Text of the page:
Give a man a fish and he has food for a day; teach him how to fish and you can get rid of him of the entire weekend. Zenna Schaffer (and several other women)
Give a man a fish and he will eat for a day. Teach a man to fish and he will eat for a lifetime. Teach a man to create an artificial shortage of fish and he will eat steak. Jay Leno
Give a man a fish, and he'll eat for a day. Give a fish a man, and he'll eat for weeks! Arisa Hosaka, Takayuki Ikkaku, and Toshihiro Kawabata
Give a man a fish, and you'll feed him for a day. Teach a man to fish, and he'll buy a funny hat. Talk to a hungry man about fish, and you're a consultant. Scott Adams
Give a man a fish; you have fed him for today. Teach a man to fish; and you will not have to listen to his incessant whining about how hungry he is. Anonymous
Give a man a fish; you have fed him for today. Teach a man to fish; and you can sell him fishing equipment. Anonymous
Give a man a fish; you have fed him for today. Teach a man to use the Net and he won't bother you for weeks. Anonymous
Teach a man to fish and you feed him for a lifetime. Unless he doesn't like sushi—then you also have to teach him to cook. Auren Hoffman
Give a man a fish; you have fed him for today. Teach a man to fish, and he will sit in the boat and drink beer all day. Old Fox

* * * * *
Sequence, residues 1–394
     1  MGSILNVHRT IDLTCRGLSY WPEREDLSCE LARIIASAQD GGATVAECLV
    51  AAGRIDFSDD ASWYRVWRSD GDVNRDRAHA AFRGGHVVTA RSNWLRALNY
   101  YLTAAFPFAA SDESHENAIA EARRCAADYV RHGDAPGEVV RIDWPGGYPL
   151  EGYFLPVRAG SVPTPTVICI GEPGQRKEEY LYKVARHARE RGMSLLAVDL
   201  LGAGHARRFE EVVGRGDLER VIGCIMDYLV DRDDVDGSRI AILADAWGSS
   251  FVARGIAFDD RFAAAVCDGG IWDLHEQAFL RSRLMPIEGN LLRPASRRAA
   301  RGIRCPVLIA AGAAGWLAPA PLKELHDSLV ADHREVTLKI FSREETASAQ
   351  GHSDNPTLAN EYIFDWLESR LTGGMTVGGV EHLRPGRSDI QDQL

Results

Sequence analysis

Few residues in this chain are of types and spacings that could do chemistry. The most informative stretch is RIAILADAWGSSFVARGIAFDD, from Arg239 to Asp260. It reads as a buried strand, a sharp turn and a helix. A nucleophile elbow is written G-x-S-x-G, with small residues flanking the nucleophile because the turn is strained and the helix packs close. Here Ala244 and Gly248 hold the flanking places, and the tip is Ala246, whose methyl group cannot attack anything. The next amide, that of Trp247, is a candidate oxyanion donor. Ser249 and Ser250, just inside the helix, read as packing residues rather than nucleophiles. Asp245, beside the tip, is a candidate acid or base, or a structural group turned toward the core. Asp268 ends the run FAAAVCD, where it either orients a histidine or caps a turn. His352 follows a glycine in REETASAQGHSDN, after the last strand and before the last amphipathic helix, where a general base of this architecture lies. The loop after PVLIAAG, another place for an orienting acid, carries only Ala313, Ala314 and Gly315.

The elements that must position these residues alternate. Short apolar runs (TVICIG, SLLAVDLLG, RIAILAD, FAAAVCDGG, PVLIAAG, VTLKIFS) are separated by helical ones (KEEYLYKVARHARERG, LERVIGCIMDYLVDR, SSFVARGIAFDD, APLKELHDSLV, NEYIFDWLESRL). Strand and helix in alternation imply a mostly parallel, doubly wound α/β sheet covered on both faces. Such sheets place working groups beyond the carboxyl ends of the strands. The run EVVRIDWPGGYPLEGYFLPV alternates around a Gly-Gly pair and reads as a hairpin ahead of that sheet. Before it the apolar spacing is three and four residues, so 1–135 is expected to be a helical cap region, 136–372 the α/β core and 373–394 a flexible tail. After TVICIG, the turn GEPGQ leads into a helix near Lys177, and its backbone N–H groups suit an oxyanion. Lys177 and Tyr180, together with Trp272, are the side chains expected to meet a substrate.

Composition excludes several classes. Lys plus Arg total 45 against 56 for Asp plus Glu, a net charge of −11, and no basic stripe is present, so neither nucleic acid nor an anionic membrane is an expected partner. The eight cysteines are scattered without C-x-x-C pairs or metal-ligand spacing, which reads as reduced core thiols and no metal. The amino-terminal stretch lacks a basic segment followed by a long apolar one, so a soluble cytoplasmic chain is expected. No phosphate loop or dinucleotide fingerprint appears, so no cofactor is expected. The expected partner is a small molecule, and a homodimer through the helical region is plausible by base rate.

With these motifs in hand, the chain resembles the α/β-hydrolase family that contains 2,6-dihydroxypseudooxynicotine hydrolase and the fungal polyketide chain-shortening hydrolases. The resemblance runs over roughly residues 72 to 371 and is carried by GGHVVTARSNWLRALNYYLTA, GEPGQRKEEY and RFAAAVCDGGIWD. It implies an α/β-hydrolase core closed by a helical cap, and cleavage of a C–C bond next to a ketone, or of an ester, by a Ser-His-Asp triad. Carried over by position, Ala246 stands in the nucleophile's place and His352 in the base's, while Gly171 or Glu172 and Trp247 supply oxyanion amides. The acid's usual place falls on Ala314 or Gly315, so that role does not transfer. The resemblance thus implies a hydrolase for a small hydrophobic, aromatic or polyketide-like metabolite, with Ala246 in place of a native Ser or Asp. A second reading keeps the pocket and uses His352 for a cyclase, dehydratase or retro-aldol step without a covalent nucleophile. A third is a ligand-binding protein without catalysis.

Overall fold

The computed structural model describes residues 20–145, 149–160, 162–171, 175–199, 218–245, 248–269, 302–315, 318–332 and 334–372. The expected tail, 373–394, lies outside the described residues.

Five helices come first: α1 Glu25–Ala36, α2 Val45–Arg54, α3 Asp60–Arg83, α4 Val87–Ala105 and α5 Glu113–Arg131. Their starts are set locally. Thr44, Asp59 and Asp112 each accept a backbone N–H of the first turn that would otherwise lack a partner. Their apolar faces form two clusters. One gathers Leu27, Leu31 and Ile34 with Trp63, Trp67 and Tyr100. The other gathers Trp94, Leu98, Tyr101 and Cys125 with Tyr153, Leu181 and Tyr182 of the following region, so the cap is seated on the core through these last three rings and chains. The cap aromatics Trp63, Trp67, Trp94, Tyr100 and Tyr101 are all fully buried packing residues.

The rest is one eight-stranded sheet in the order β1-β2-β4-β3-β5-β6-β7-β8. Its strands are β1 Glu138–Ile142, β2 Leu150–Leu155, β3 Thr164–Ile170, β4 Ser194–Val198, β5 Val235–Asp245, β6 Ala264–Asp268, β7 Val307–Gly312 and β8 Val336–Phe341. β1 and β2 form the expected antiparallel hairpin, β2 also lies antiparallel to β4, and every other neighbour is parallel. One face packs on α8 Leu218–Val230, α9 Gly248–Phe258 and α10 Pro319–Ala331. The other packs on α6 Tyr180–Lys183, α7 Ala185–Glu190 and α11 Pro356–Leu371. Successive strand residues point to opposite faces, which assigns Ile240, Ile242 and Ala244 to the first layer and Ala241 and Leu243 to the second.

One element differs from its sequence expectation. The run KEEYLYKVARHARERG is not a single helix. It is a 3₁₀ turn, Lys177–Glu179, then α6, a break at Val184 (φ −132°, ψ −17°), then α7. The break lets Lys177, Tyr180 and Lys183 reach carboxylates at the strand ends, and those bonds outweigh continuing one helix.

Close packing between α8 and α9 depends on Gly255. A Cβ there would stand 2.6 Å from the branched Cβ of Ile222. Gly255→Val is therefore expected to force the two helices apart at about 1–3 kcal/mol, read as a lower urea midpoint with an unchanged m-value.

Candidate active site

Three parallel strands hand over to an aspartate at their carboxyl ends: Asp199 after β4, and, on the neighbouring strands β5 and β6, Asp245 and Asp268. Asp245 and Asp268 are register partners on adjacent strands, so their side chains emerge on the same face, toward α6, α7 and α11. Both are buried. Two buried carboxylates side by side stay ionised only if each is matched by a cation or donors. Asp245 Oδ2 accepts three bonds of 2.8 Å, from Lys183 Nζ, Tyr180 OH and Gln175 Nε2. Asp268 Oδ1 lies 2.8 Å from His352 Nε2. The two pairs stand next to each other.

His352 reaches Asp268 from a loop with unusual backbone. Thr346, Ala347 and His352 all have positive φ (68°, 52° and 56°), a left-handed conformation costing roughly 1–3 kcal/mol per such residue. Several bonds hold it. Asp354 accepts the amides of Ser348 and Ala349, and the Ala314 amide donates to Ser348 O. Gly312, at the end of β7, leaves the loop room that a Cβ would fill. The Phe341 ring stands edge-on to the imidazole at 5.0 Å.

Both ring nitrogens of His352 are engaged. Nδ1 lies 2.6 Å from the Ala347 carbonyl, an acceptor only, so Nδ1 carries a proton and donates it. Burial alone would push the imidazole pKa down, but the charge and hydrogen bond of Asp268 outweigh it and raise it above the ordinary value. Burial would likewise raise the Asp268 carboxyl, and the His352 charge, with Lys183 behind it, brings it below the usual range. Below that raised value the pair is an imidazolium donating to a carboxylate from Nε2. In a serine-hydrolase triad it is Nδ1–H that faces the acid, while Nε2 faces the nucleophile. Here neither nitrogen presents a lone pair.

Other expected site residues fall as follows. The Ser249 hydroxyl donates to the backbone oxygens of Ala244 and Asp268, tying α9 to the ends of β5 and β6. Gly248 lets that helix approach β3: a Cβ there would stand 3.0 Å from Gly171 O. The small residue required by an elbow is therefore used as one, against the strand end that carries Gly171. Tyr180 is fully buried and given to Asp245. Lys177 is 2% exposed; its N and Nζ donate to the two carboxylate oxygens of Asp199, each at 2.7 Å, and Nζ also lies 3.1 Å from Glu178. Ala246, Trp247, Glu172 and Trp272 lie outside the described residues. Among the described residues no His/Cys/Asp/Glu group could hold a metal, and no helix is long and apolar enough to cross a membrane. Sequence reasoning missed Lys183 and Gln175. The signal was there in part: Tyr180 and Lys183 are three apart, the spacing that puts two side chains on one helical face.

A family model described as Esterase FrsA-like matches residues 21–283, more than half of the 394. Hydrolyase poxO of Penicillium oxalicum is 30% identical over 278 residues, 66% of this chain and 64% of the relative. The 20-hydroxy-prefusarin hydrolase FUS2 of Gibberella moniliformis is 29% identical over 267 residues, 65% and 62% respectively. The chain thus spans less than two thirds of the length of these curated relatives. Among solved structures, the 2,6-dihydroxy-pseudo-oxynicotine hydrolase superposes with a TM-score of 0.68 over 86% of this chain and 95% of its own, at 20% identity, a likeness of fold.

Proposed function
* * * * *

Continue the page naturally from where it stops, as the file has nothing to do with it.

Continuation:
PS: If you encounter broken links, changed URLs -- or know of wonderful sites we've missed -- please drop us a line. It helps to keep this resource as useful as possible for all of us. To those of you who have suggested sites -- thanks, and keep them coming!
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America's Five Greatest Foodie Presidents
(Robert Sietsema's article in The Village Voice)
Bam! How Culinary Culture Became a Pop Phenomenon
(Time magazine's brief history, "a timeline of food as popular culture," from 1982 to 2010, in 18 photos)
Cambridge World History of Food, The
(description of this 2-volume reference book, with 18 sample entries, accessed through contents menu)